Old tyres will be illegal under proposed government legislation

The government wants to introduce legislation to make it illegal for HGVs to run on tyres more than 10-years old. It will launch a consultation on options to ban older tyres from use on lorries, buses and coaches to keep the roads safe.

It follows a government project last year to look at whether or not the age of a tyre has a direct affect on its safety.

Transport secretary Chris Grayling said: “Keeping people safe on our roads is our priority, and we have been working hard to understand the link between tyre age and road safety.

“Emerging evidence and leading expert testimony shows us that we need to ban tyres over the age of 10 years from larger vehicles based upon the ‘precautionary principle’ – a move that will make our roads safer for everyone.”

The announcement follows a campaign led by Frances Molloy, whose 18-year-old son Michael was among three people killed in a coach crash in 2012. The collision was caused by the failure of a 19-year-old tyre on the front-axle of the coach.

In November 2018, DVSA guidance on maintaining roadworthiness was updated to say that tyres of 10 years of age or older should not be used on the front-axles of HGVs, as well as buses and coaches.

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Case of the invisible transport manager

Richard Dale appeared before North West traffic commissioner (TC) Simon Evans, along with NPH Haulage director Nina Hatcher, after concerns were raised about the transport manager’s involvement in the Preston-based company.

A public inquiry (PI) heard how Dale became nominated transport manager after Hatcher obtained the company licence following the death of sole trader and transport manager, Andrew Hodkinson, in a road traffic accident.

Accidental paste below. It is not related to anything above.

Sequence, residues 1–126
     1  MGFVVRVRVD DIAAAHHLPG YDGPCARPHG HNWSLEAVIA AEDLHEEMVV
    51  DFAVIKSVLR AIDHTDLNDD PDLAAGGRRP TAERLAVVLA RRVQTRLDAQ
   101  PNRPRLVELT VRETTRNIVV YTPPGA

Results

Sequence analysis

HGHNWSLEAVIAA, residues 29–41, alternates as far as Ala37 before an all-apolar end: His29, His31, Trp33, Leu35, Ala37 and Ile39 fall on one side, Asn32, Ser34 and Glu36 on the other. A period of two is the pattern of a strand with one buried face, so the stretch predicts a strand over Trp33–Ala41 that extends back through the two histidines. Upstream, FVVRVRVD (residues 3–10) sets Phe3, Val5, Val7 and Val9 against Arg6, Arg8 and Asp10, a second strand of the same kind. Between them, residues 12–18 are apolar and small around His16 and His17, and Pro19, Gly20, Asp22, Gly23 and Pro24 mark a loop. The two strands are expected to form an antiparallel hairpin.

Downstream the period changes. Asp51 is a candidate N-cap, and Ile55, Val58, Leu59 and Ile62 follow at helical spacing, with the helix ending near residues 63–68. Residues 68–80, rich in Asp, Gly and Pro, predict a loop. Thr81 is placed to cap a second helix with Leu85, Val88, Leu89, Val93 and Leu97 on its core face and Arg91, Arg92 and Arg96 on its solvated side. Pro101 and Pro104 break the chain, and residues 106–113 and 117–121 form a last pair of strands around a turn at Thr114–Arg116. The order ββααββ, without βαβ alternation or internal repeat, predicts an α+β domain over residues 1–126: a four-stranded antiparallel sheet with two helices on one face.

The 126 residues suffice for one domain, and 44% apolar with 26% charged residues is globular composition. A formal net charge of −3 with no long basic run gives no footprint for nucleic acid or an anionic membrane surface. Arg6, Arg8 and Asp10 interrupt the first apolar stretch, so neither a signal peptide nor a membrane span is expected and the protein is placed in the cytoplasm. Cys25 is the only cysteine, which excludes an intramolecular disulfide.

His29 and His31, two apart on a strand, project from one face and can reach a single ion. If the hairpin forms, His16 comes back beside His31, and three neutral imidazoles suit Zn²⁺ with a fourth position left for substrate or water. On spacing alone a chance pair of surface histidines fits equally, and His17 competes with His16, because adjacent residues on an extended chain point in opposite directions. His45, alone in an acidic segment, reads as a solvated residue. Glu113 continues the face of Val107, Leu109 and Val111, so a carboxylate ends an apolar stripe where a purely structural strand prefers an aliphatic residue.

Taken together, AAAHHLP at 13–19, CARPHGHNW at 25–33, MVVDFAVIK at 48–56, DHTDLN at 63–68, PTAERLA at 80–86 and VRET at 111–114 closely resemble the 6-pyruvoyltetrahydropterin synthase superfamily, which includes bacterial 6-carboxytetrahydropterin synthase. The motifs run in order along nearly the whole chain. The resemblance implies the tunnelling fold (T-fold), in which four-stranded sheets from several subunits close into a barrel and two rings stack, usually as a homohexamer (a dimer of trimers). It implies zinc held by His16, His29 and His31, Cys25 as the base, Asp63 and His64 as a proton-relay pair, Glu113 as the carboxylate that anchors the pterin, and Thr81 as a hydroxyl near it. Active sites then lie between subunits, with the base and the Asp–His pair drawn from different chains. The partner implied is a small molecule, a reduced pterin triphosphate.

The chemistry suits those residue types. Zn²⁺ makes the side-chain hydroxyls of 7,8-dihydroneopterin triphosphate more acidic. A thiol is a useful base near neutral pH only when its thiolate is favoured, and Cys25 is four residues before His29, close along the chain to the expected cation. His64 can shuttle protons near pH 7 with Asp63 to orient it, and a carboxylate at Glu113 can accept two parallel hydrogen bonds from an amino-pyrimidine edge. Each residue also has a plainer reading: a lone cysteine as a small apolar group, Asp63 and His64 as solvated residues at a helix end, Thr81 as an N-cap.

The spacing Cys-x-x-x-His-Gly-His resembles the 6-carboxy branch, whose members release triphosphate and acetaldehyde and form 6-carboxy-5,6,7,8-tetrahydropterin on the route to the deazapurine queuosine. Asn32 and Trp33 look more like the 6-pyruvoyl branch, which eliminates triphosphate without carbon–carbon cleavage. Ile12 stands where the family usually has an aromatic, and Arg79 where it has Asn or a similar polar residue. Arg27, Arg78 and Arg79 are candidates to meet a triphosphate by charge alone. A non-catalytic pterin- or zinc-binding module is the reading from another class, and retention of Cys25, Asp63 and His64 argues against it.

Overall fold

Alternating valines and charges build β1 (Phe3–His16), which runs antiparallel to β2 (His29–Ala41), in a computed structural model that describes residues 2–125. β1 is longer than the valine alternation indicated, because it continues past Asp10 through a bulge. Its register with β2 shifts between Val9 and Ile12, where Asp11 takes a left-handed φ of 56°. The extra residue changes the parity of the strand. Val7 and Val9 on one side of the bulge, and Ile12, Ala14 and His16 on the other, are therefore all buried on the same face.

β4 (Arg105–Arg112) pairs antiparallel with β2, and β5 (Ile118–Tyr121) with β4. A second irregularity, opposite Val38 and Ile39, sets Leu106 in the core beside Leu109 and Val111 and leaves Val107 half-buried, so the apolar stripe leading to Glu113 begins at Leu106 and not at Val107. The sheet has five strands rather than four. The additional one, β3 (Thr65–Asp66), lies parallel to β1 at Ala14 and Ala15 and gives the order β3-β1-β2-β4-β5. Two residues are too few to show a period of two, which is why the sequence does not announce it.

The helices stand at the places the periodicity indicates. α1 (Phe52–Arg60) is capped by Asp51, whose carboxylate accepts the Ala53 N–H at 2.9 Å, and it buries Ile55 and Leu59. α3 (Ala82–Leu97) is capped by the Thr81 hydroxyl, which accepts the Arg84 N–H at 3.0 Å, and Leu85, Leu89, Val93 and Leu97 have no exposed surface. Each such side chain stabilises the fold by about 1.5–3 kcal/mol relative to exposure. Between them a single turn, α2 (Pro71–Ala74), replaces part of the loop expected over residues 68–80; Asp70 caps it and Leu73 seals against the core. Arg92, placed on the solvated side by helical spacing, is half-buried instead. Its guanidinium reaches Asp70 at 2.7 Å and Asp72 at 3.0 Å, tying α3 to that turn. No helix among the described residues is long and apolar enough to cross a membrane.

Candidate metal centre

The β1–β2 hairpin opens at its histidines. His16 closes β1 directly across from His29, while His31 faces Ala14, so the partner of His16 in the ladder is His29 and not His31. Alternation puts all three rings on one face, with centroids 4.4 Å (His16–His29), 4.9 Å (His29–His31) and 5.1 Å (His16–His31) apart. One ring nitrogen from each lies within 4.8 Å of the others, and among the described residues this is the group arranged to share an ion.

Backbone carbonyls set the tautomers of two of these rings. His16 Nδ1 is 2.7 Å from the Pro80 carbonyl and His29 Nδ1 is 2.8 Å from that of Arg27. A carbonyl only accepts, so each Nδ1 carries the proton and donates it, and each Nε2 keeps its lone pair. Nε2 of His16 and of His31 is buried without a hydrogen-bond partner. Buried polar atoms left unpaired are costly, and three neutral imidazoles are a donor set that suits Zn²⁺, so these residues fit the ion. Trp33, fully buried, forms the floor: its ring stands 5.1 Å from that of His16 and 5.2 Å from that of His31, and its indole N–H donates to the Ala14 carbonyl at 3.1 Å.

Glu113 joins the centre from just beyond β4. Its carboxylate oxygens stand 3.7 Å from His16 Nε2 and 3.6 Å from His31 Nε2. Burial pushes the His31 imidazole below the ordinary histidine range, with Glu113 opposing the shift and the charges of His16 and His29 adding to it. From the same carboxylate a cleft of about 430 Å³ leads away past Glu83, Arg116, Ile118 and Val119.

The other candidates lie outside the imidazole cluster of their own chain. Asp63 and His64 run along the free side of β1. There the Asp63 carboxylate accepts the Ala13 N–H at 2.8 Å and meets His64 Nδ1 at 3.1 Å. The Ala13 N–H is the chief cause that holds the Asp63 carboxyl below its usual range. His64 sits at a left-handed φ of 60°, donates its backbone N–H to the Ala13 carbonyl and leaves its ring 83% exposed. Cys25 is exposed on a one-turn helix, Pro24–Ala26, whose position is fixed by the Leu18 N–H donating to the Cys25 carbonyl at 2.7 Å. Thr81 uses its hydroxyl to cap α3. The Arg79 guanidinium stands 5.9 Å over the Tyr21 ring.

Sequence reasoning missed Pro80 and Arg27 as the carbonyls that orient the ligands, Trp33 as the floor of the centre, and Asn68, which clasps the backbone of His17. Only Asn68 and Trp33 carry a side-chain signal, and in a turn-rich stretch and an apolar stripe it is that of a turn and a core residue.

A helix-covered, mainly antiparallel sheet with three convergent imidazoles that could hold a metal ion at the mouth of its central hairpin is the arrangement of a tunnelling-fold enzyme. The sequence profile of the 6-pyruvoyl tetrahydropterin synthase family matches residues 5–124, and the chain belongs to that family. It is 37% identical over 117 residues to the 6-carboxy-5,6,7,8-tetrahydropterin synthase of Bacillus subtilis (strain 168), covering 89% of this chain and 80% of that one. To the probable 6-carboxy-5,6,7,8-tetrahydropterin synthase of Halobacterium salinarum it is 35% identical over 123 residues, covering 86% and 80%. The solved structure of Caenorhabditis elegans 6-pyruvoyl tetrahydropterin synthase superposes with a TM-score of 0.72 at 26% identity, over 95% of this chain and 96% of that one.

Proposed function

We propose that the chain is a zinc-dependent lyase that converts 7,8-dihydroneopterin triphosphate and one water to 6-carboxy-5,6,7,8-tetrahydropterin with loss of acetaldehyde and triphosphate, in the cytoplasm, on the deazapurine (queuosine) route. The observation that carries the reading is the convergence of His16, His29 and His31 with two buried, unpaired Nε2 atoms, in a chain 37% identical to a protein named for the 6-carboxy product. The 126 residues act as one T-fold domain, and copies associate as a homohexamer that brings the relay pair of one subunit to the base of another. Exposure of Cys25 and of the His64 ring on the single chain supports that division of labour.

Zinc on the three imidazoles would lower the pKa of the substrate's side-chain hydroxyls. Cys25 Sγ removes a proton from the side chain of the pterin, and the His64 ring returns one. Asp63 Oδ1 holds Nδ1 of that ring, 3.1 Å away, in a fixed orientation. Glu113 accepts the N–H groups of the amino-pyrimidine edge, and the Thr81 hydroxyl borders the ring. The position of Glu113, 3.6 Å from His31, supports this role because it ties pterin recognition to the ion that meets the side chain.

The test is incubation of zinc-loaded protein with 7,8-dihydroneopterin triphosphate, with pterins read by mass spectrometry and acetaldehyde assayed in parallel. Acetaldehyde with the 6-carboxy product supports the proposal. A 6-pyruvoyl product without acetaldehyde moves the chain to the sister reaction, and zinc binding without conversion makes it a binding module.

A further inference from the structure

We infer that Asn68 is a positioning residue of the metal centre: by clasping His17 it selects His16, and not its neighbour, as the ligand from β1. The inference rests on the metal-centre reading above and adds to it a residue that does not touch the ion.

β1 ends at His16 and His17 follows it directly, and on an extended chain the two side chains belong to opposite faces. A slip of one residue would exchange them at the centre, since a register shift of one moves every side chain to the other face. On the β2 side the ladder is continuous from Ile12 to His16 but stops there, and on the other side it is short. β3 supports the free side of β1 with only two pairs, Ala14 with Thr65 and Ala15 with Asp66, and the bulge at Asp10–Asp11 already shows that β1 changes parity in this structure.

However, the reality was that Dale, who was based in Malton, never visited NPH Haulage, was never paid for the role and played no part in the oversight of the firm’s two HGVs and two trailers.

Hatcher admitted she had taken primary responsibility for the vehicles and had planned to be the transport manager herself, but had failed the case study part of the exam.

She had been unable to take a resit due to having responsibilities towards her nine-year-old son and also driving.

The TC factored in the personal and tragic circumstances surrounding the death of Hodkinson, but said Hatcher’s and Dale’s actions had raised “very significant issues of trust”.

He said: “Such findings are compounded by the false statements made in the TM1 form and that this arrangement was a charade right from the beginning. TC Evans found that the operator had lost its repute and revoked its licence.

“I step back from exercising my powers to disqualify either the company or Ms Hatcher, this despite my finding the company’s repute has been lost, as an act of mercy and in reflection of the circumstances that underlie the appalling decision-making of the protagonists.”

He added Dale had lost his repute for continuing an arrangement he knew “to be a sham”.

“Mr Dale says he is looking to retire,” the TC concluded. “I therefore disqualify him from holding office as a transport manager indefinitely on my finding that he has manifestly forfeited his repute.”

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